So, with this in mind, let's get back to the 200 Quattro test car. Here was a car done up in the brightest red I have seen in a long time. Named, appropriately enough, tornado red, it would be a difficult car to misplace.

What couldn't be seen, though, is the biggest change for the '89 model year: the new torque-sensing differential. Like the previous design, the new Quattro system incorporates three sepa ate differentials - front, rear and center - which compensate for different wheel speeds when cornering and prevent damaging drivetrain windup.

The new differential is in the center and automatically distributes torque between front and rear wheels, up to a maximum split of 78/22 percent. During normal operation, the torque split between front and rear is 50/50. The new differential can transmit up to 3.5 times more force to the wheels with the best grip on the road surface in difficult road conditions. Since power isn't wasted on wheels achieving poor traction, the car's total traction and road handling ability are enhanced.

A driver really doesn't have to know anything about this to drive the 200 Quattro. It does all the thinking and will provide maximum traction (and maximum mental security) on all road surfaces and conditions. The new system still retains the manual lock capability for the rear differential. But with the new torque-sensing differential, it is doubtful the manual lock will ever be needed - with the exception of the car getting mired axle-deep in mud.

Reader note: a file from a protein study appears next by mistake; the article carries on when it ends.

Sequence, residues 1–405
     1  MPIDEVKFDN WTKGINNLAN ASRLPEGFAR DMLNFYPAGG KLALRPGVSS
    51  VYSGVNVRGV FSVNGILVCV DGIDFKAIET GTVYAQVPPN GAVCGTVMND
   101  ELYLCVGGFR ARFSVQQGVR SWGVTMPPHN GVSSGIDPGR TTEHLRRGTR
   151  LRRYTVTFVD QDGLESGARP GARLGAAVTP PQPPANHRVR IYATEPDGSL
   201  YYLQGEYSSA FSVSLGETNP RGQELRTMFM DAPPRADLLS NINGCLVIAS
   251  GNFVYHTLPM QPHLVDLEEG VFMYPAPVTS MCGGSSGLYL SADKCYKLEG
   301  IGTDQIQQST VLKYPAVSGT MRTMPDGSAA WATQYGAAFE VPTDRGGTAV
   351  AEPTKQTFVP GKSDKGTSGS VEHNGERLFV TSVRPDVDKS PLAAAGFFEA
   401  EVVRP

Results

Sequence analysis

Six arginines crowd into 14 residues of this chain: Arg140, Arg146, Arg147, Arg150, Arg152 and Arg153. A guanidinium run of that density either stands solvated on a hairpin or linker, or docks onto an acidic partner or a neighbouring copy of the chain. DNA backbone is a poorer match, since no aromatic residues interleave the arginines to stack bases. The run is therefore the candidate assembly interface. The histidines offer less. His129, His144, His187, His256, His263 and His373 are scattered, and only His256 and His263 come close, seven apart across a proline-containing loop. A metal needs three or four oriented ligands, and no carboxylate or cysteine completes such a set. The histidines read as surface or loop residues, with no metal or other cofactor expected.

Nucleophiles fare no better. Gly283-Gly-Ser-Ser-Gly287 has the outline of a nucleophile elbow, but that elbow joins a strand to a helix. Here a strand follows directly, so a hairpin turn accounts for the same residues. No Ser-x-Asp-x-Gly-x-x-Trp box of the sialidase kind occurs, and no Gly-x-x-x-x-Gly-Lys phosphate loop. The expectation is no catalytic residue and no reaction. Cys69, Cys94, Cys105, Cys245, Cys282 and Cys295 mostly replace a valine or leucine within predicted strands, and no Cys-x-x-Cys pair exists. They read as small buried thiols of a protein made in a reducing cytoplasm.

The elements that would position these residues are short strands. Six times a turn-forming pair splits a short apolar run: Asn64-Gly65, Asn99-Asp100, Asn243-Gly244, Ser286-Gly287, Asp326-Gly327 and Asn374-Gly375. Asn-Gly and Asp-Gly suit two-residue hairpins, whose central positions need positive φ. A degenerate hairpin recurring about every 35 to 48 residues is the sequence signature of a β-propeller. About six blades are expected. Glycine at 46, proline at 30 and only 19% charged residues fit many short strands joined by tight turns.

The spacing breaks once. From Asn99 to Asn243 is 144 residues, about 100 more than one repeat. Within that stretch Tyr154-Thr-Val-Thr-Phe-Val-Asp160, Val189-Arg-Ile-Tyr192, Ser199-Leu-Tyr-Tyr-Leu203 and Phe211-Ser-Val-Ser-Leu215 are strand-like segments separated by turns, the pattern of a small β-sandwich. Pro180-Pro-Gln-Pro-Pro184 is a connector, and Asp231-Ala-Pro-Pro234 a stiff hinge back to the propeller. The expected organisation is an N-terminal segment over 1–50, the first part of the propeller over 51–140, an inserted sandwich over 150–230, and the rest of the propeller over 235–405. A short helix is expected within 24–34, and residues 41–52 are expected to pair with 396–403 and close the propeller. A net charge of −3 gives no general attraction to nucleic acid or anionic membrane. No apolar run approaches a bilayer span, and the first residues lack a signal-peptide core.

As befitting a car in this price category, the interior of the 200 Quattro is, well, rich. Leather upholstery, all the convenience and comforts offered in a car, sporty instrumentation, a long, long list of standard equipment and an ambience sure to impress even the most blase. All-in-all, a very easy car to take.

Driving, as should be expected, is a real treat. Responsive handling, plenty of power on tap and the additional security of ABS, combine to give a driver confidence. The only downer for some drivers is that the car does not come with an automatic transmission. You either have to know how to use a five-speed manual or move on to another car (or maybe wait for the V-8 which will be automatic). But, then, there is a sort of snobbishness about the whole thing. After all, anytime you see a $38,000 car only available with a manual transmission, you know it is a serious car requiring a serious driver.

The car is powered by Audi's unique five-cylinder engine. Here's an engine that has never been copied but it certainly has been a success for Audi. Displacing only 2.2-liter/132-cubic-inches, this turbocharged, fuel-injected engine produces an impressive 162 horsepower at 5,500 rpm and 177 foot-pounds torque at 3,000 rpm. This is enough horses to propel the 3,350 pound car from 0-60 mph in about eight seconds. And for those who like to go fast, Audi claims it has a top track speed of 135 mph.

Meanwhile, fuel mileage is very decent, but that's what five-speed transmissions are all about. The test car averaged 23 mpg over Lehigh Valley highways and 14 mpg in the city. Unleaded premium must be used.

Base price for the car is $37,305. Add to this a destination charge of $335 and the car's only option, a Cold Weather Package (heated seats, all- weather tires) at $500, and the full price comes to $38,140.